Learn about these herbal treatments for hepatitis C, includes Q and A with leading natural health experts.
Herbal treatments for hepatitis C may include Yin-chen wormwood, dandelion root and and burdock root.
Try these herbal treatments for hepatitis C, these safe and natural methods help reduce the body’s viral load and support liver function.
Read more about natural remedies for tinnitus: Herbal Treatments for Tinnitus.
Could you please advise me as to what type of diet and which
herbs would be best for a 50-year-old man with type one hepatitis
C, with a viral load of about 1 million?
Willard responds: Hepatitis C has become a very common problem in the clinic in the last several years. We use a variety of herbs to aid in reducing the body’s viral load and to support liver function.
The most prominent botanical that we use is a mushroom called coriolus (Coriolus versicolor), or turkey tail. It has demonstrated some great results. Most of the research on this mushroom concentrates on the branch polysaccharides. There are more than 400 published studies on coriolus’ positive effect on critical health problems, such as hepatitis and various forms of cancer. In the clinic, we use an 8:1 extract of the mushroom at a dosage of 1,000 to 1,500 mg two to three times daily. The effectiveness has been surprisingly high, with more than 50 percent of our patients reducing their viral load substantially within a four-month period.
We normally add a liver-support formula to the protocol that contains maitake (Grifola frondosa) in a 4:1 extract, shiitake (Lentinula edodes) in an 8:1 extract, dandelion root (Taraxacum officinale), milk thistle extract (Silybum marianum), black radish (Raphanus sativus) and burdock root (Arctium lappa). The mushrooms in this formula have proven success in Asia for various forms of hepatitis, as well as other viruses. Dandelion, milk thistle, black radish and burdock all are known to be liver-supportive herbs. The dosage of this formula is also 1,000 to 1,500 mg twice daily.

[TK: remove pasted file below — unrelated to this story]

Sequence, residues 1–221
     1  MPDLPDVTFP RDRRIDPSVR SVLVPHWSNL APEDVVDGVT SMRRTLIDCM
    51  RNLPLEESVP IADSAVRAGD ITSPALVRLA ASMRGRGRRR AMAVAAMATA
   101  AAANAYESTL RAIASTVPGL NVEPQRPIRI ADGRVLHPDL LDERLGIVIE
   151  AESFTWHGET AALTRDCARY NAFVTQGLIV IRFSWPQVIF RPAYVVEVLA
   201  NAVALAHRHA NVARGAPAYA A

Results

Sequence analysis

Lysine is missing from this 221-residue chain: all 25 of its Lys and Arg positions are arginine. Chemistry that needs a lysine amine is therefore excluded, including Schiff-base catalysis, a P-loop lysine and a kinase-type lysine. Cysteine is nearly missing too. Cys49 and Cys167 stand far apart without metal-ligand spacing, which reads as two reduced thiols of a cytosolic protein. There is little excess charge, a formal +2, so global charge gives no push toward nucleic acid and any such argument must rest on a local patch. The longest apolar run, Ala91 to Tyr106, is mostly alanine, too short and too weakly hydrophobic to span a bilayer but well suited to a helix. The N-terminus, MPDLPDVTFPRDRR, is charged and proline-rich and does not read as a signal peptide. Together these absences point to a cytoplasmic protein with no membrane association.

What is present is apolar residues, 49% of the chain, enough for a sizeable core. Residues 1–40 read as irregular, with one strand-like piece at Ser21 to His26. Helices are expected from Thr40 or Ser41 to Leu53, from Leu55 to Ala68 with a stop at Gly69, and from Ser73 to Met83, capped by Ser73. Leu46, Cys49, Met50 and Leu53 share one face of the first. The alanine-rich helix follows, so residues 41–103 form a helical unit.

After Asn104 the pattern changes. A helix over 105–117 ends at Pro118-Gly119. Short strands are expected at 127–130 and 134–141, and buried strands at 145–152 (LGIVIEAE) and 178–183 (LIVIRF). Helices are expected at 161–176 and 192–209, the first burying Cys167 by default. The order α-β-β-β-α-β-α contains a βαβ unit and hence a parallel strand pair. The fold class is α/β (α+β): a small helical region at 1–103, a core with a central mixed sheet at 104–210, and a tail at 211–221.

Khalsa responds: Little is known about how to specifically treat this controversial disease with natural methods. What seems very clear, however, is that the process of the disease can be halted, unless the patient is deep into cirrhosis. Liver enzymes can be lowered. Every year, we get better at treating it. Almost all natural therapies I use involve milk thistle, a liver-supportive herb that seems to prevent further tissue damage.
Yin-chen wormwood (Artemisia capillaris) is a cooling Chinese herb that is used for inflammatory conditions of the liver. It is showing promise in these cases. The Chinese dose is 9 to 15 grams per day as tea. It tastes very bad, though, so you might prefer capsules.
Chinese salvia root (Salvia miltiorrhiza), also known as dan shen, protects the liver and helps restore normal function in damaged microcirculation. Bupleurum (Bupleurum chinense) and Chinese skullcap root (Scutellaria baicalensis), both cooling herbs, may help lower the liver enzymes and prevent the disease process from proceeding.
Along with these herbal measures, avoiding liver toxins, such as alcohol and any unnecessary drugs, is critical.
Globe artichoke (Cynara scolymus) contains a sesquiterpene lactone (cynaropicrin), which gives the plant its well-known bitter taste. Cynarin, another component, promotes bile flow and has anti-toxic liver functions similar to milk thistle. Artichoke promotes liver blood flow and regeneration. It is also cooling. Steam artichokes as a vegetable, or juice the globe. Supplements also are available. Other foods that generally benefit the liver include beets (root and greens), carrots and radishes (all types).
I’ve seen several dozen people with hepatitis C stay healthy for eight years or more, and it looks as though they have many healthy years ahead.
Karta Purkh Singh Khalsa has more than 25 years of experience with medicinal herbs. He is a licensed dietitian/nutritionist, massage therapist and board member of the American Herbalists Guild. Khalsa’s book Body Balance is available on our Bookshelf, page 58.
Terry Willard is a clinical herbalist, president of the Canadian Association of Herbal Practitioners and founder of the Wild Rose College of Natural Healing in Calgary, Alberta, Canada. He is the author of eight books and a CD-ROM, Interactive Herbal.
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The information offered in “Q & A” is not intended to be a substitute for advice from your health care provider.
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